Sportsmen weigh higher fees, merged agencies

Posted Jan. 30, 2009, at 7:16 p.m.

AUGUSTA, Maine — Several lawmakers joined representatives of sportsmen’s organizations Friday in criticizing Gov. John Baldacci’s proposal to create a single natural resources agency within state government by merging four existing departments.

As lawmakers prepare to tackle a more than $800 million budget shortfall in the next biennial budget, the Baldacci administration is putting forward two options for closing part of the gap faced by the natural resources agencies.

The first option would increase fees on hunters, fishermen and others who use Maine’s state parks and historic sites. Fees for hunting and fishing licenses, for instance, would rise $2.50 the first year and $1 the second year under the governor’s budget proposal.

But as an alternative, the Baldacci administration has revived a long-discussed plan to consolidate Maine’s natural resources department into a single “superagency.”

State officials estimate the state could save a minimum of $1.5 million annually by merging these agencies: Department of Agriculture, Food and Rural Resources; Department of Conservation; Department of Marine Resources; and Department of Inland Fisheries and Wildlife.

Lawmakers, sportsmen and other constituent groups served by those agencies have opposed such merger talk consistently and often passionately. This year likely will be no different if the rhetoric coming out of a Sportsman’s Alliance of Maine conference on Friday was any indication.

“I’m not interested in having this discussion about consolidating these agencies into one,” said Sen. Dave Trahan, R-Waldoboro, a member of the Inland Fisheries and Wildlife Committee. “I just want people to know that. My position is ‘Over my dead body.’”

“It’s not going to save money,” said Bob Meyers, executive director of the Maine Snowmobile Association. “It’s going to cost a hell of a lot of money to implement it.”

Underlying some of that opposition — whether among sportsmen or farmers or commercial fishermen — is the fear that those constituent groups would lose funding, dedicated staff or political sway in a consolidated department.

The governor’s plan to merge four departments into one isn’t the only consolidation proposal likely to be on the table this legislative session, however.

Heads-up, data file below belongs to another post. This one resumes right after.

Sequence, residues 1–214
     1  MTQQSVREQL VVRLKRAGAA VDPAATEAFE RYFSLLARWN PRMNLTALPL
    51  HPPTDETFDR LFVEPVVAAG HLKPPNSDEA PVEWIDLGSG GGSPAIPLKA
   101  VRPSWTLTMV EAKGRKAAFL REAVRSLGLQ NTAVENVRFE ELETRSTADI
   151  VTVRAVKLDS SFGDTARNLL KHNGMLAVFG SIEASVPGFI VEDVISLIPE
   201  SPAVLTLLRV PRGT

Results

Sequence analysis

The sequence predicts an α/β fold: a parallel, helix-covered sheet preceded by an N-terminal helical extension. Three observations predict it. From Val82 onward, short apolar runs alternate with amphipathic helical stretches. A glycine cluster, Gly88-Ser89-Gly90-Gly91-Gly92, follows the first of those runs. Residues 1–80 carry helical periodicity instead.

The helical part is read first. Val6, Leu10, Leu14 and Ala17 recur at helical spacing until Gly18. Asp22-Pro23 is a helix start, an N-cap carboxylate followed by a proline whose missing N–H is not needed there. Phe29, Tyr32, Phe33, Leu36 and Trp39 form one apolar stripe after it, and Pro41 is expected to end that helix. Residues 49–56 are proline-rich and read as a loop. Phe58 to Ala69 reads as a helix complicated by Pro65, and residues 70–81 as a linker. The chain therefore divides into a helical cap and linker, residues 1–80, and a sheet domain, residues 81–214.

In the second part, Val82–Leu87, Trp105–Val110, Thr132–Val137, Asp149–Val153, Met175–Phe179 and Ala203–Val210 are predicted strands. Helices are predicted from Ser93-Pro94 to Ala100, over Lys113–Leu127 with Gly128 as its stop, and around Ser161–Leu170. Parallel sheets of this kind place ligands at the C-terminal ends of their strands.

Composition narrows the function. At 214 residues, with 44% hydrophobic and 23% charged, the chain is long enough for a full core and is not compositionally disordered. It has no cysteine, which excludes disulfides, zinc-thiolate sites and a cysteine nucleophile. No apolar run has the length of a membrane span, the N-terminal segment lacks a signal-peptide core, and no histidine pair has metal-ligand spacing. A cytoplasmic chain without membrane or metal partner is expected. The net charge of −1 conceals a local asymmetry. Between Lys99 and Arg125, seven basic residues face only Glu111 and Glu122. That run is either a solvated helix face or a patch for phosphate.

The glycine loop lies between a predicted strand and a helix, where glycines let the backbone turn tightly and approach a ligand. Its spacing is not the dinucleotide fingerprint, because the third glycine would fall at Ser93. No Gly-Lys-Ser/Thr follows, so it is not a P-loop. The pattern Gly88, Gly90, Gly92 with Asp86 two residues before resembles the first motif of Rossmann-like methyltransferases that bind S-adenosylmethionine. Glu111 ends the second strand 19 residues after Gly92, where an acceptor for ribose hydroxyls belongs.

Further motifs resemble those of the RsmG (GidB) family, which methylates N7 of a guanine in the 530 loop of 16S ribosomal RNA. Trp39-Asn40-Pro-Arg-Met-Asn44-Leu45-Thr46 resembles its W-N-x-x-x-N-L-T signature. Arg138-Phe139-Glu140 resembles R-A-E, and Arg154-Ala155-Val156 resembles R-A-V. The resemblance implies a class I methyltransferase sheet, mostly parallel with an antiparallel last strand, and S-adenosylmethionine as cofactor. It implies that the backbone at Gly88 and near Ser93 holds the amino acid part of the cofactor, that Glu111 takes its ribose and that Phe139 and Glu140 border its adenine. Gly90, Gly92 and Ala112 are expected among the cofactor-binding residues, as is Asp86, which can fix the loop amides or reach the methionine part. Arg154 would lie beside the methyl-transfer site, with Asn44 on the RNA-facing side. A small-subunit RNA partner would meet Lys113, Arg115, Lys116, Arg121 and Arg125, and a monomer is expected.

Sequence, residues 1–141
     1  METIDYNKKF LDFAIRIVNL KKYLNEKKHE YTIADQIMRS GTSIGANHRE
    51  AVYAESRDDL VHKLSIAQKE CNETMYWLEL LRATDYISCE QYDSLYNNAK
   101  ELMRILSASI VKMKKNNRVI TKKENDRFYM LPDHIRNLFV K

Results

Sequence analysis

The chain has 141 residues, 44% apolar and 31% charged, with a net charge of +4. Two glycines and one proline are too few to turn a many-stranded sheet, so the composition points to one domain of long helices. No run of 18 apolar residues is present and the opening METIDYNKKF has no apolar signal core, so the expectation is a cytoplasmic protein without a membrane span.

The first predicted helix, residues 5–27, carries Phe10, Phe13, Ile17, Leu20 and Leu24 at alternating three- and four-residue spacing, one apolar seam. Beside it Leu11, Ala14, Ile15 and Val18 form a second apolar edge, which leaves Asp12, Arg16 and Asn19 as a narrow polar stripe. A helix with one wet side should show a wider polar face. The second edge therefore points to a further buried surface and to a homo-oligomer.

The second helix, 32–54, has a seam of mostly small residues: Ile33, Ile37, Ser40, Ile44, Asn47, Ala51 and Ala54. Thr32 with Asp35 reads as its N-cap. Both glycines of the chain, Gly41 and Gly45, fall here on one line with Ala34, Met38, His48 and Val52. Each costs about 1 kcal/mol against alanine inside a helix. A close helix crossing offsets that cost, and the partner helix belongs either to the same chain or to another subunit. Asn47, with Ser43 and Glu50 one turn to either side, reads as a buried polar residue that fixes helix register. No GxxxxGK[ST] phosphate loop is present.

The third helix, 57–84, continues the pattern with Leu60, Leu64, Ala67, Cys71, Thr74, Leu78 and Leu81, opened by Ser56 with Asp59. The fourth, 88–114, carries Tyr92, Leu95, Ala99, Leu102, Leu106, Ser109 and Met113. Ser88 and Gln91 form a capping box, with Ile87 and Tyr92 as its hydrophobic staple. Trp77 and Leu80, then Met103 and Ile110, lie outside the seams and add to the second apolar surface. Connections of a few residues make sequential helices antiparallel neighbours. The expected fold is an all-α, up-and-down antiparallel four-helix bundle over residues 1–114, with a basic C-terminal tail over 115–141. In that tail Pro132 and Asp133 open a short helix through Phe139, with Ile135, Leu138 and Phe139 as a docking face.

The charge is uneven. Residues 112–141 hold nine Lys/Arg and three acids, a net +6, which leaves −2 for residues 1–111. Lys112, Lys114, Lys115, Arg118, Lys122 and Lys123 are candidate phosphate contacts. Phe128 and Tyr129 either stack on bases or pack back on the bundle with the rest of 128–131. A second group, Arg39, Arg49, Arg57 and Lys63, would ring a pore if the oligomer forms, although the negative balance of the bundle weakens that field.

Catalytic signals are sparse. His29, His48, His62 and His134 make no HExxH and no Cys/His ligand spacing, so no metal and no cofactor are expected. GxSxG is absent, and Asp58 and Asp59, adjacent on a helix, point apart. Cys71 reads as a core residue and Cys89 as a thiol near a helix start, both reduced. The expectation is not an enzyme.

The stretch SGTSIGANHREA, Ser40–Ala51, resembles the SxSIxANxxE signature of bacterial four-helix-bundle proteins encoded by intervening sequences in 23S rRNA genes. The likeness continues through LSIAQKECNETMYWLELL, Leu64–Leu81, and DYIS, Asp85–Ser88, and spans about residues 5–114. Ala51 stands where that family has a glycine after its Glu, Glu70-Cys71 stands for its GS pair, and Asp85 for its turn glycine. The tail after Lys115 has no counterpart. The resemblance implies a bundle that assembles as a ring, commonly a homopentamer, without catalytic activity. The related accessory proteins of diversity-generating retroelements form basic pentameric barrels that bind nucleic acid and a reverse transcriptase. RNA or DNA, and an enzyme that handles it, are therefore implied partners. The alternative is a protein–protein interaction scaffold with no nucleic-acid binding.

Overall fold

A state task force that met last year to examine the consolidation issue failed to come to a consensus.

But more than a dozen members of that group are proposing to place agriculture, forestry and aquaculture in one department and then create a separate department to oversee the state’s public lands. DIF&W and the Department of Marine Resources would remain separate entities under this proposal.

Tom Doak, executive director of the Small Woodland Owners of Maine and a supporter of the plan, pointed out that the plan put forward by the governor wasn’t even on the table during the task force meetings.

“Nobody thought it was a good idea,” Doak said. “It wasn’t even brought up as an option.”

Baldacci spokesman David Farmer stressed that the consolidation proposal is being put forward as an alternative to higher user fees. If the sporting community can live with the fee increases, then the consolidation proposal goes nowhere, Farmer said.

Although obviously linked to the budget debate, the merger proposal is being submitted as a separate bill to avoid interjecting more controversy into the budget bill, he said.

“We believe there are real administrative savings that build upon the findings of the task force,” Farmer said.

Some attendees Friday said they do not object to paying a few dollars more for a license, as long as the money pays to protect wildlife and help keep wardens in the field. The governor’s budget proposal would not eliminate any warden or marine patrol positions.

SAM’s executive director, George Smith, has promised to fight both proposals to increase fees or merge the agencies. Smith and other several other speakers said the state needs to find a way to get kayakers, hikers and other outdoor recreation enthusiasts to help pay for the services that game wardens and DIF&W biologists provide.

“We all have to pay to play, and we have to find a way to broaden that base,” said Sen. Bruce Bryant, an Oxford Democrat and chairman of the Inland Fisheries and Wildlife Committee.

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